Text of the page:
As I’m writing this, the sun is setting and the last rays of light are kissing the tops of the bare trees outside my windows. I have always enjoyed the tranquil beauty of sunrises and sunsets. Time seems to slow down at the transitions between day and night. We have all taken a moment to enjoy a beautiful sunset as the sky trades blue for black in a vibrant transaction of purples, reds, oranges, and yellows. And those of us who have taken the time to watch a sunrise know the exquisite stillness that accompanies the start of a new day. There is something spiritual about these times. They are pregnant with possibility.
In our religions, literature, and language, light and darkness are metaphorical opponents. “The light shines in the darkness, and the darkness did not overcome it.” “Darkness cannot drive out darkness; only light can do that.” Darkness is frequently the antagonist, presumably because our reptilian brains still fear the unknown dangers hidden in the darkness outside of our caves, while light is the protagonist for which we root. Throughout humanity’s history, light and dark have clashed in an eternal struggle for dominance, or at least so we think.
Sunrises and sunsets demonstrate that light and dark are not the enemies we presume. They are partners. They are artists who bring their pigments and talents together to create these daily joint masterpieces. Daytime can be wonderful, as the yellow sun shines in a blue sky and warms the earth and all its creatures below. As an amateur astronomer, I can testify that the night can be just as beautiful as the day recedes and the sky reveals the vast scope and spectrum of the universe. As lovely as any day may be and as wonderfully mysterious as the night may be, though, neither of them can create a sunrise or sunset alone. They need each other.
We need each other.
The events of Jan. 6 at the U.S. Capitol serve as a stark reminder of the foolishness of viewing the other, even our opponents, as our enemy. As a society, we have embraced the lazy expedience of simplifying the rich complexity of the other to a binary “friend” or “foe.” This approach is as wrong as it is easy. Discounting, or worse, discarding those who think differently from us sacrifices potential for comfort.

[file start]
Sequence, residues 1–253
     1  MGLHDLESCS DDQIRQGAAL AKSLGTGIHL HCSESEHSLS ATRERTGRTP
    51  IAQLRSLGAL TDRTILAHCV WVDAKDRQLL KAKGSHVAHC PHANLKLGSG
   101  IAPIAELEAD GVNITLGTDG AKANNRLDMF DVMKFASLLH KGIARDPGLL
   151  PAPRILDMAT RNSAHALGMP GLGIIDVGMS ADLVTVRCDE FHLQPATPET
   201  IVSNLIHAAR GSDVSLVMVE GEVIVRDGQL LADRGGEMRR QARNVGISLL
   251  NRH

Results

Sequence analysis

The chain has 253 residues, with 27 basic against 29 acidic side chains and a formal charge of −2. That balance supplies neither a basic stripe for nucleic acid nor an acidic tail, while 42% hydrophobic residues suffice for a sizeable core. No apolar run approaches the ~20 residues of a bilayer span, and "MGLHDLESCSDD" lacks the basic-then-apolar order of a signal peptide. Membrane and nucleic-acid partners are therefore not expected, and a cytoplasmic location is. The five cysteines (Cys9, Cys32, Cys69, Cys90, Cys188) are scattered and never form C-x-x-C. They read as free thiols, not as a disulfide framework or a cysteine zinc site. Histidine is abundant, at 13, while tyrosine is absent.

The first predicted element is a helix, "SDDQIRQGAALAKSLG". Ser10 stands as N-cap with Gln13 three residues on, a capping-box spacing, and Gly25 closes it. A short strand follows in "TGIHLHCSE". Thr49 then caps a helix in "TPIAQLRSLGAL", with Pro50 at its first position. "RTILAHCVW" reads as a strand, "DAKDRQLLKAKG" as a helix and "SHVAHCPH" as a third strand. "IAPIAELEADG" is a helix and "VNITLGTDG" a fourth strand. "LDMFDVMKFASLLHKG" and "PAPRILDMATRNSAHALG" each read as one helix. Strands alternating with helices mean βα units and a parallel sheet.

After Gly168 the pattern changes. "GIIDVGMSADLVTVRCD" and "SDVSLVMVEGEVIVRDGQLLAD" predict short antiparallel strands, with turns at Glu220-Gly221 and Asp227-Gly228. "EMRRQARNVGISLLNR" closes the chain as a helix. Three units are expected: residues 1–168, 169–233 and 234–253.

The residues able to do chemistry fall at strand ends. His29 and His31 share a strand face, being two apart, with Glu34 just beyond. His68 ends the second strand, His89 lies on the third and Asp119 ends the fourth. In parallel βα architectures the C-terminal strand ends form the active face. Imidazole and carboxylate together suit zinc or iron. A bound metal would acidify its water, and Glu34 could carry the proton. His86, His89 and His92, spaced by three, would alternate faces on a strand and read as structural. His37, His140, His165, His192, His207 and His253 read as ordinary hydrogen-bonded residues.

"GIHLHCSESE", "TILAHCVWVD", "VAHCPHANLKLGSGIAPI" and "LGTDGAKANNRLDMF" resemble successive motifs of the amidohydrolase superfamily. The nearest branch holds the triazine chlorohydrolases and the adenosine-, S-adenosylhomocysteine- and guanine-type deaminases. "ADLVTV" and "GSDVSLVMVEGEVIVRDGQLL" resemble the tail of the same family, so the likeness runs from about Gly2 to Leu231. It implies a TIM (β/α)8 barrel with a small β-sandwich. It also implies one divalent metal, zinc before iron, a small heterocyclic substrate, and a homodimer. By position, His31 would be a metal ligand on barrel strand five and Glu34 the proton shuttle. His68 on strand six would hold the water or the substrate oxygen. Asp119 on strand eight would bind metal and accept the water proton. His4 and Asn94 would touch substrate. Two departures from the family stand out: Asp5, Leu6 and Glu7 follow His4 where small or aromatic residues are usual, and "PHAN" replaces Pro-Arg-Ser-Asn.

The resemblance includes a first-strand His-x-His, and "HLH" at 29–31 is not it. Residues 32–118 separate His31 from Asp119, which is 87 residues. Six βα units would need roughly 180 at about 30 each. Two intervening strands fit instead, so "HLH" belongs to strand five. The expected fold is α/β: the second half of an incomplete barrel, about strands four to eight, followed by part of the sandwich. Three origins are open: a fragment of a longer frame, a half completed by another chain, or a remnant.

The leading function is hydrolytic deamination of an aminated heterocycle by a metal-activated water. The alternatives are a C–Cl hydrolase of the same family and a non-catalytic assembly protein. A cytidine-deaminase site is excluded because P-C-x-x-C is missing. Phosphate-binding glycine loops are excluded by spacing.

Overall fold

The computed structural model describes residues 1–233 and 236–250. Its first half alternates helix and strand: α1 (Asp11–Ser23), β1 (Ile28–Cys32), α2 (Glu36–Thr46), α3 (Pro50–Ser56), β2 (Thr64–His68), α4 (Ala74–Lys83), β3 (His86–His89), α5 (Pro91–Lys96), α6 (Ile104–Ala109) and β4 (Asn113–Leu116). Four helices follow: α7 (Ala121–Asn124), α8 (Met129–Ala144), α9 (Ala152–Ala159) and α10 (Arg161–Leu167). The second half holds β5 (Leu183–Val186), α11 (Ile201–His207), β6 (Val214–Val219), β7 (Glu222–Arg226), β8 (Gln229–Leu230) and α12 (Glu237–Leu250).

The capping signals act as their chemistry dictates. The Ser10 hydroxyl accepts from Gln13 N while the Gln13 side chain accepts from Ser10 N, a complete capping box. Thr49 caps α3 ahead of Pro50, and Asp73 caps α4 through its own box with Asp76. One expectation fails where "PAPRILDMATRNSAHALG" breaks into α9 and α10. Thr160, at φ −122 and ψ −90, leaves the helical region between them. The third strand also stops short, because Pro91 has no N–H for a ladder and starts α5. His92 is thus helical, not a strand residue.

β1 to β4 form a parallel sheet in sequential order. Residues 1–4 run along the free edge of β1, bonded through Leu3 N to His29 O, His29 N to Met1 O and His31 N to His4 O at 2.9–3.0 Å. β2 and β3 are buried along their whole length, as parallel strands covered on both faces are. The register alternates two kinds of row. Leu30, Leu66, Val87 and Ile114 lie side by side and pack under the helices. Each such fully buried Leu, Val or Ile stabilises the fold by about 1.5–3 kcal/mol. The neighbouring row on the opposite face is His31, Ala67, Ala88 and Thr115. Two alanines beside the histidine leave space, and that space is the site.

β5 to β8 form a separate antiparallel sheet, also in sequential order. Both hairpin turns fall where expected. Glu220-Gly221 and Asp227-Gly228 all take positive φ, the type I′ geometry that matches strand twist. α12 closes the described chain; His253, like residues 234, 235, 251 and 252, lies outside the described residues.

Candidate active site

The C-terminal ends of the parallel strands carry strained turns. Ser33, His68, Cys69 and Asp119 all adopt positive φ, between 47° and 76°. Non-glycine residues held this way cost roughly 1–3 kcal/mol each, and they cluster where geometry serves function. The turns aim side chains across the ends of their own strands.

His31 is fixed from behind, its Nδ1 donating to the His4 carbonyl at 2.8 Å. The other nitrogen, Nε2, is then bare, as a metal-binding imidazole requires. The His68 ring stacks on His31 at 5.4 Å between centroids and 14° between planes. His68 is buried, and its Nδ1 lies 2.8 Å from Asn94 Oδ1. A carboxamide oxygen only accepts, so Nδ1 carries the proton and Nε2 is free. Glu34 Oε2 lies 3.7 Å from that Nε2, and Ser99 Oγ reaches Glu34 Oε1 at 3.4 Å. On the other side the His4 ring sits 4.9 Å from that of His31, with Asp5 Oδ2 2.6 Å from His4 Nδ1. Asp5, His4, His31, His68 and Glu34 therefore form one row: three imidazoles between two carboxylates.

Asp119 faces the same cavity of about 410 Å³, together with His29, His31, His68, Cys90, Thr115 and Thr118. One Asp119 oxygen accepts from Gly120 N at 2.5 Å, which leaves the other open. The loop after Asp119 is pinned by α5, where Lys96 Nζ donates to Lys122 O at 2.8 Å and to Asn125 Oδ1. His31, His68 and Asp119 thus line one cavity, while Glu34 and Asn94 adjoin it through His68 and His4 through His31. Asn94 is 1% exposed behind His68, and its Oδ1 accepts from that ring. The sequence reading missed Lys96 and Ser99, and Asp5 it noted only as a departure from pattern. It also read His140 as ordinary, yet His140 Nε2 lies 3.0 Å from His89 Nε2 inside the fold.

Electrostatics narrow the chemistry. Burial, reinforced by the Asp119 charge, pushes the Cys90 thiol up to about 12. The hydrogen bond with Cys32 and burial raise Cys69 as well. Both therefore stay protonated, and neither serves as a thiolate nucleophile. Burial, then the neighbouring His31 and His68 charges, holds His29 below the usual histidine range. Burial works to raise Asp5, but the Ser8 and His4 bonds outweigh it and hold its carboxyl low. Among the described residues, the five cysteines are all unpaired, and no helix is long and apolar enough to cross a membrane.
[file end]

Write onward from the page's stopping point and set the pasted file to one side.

None of us is perfect. None of us is all-knowing. We are not the light and our enemies are not the dark. Well, maybe we view ourselves that way, but we cannot lose sight of the fact that we need the other to achieve our full potential. In fact, I would argue that only in engaging with the other can we achieve the biggest gains in politics, business, and life.
The U.S. celebrated Martin Luther King, Jr. Day this week. Many of the milestones in our long and continued struggle for racial equity and justice were the result of opposites working together to make progress. As Doris Kearns Goodwin brought to life in Team of Rivals, Abraham Lincoln was skilled in convincing opponents on his Cabinet to work together towards the end of abolishing slavery. Branch Rickey began the integration of Major League Baseball and led the Brooklyn Dodgers to the World Series by signing Jackie Robinson to a largely antagonistic and previously all-white Brooklyn Dodgers team. MLK had the wisdom and skill to navigate and work with his opponents to move the U.S. toward greater racial equality and help bend the arc of the moral universe toward justice. None of these advances were easy or pretty, but they were all made possible by leaders working with their opponents to achieve their goals.
For those of us who cut our teeth in the technology industry, consider the case of Microsoft and Linux. In the late 2000s, Microsoft realized that working with the competitive open-source OS would be better than continuing to treat it as a “cancer that attaches itself in an intellectual property sense to everything it touches.” Microsoft began contributing to the Linux kernel, partnering with Linux service providers, and otherwise engaging with the Linux ecosystem. Today, Microsoft is able to opportunistically leverage both platforms based on its markets’ and customers’ need. Microsoft figured out how to work with the “cancer” to achieve its greater goals.
As leaders, many of our greatest advances come from working with our “opponents,” or more accurately, those who think differently from us. They goad us out of the ruts of the easy path and force us to blaze new trails. Rather than avoiding them, we should seek them out. It feels more comfortable to “stick with our own,” to reside fully in the light or the darkness, but that’s not where the magic happens.
Yesterday, we watched as Joe Biden and Kamala Harris were sworn in as the President and Vice President of the United States. It is the dawn of a new day in our country. For some, President Biden’s inauguration is a ray of hope. For others, it may feel like darkness is descending. Regardless of which side we’re on, however, we need to remember that we need each other – in politics, in business, in life. Only when we work together, leveraging and building through our differences, can we advance as a nation and society and create the masterpieces of which we are all capable.
 John 1:5 (NRSV)
 Martin Luther King, Jr., “Loving Your Enemies” sermon, Dec. 25, 1957
 Steve Ballmer in interview, Chicago Sun-Times, June 1, 2001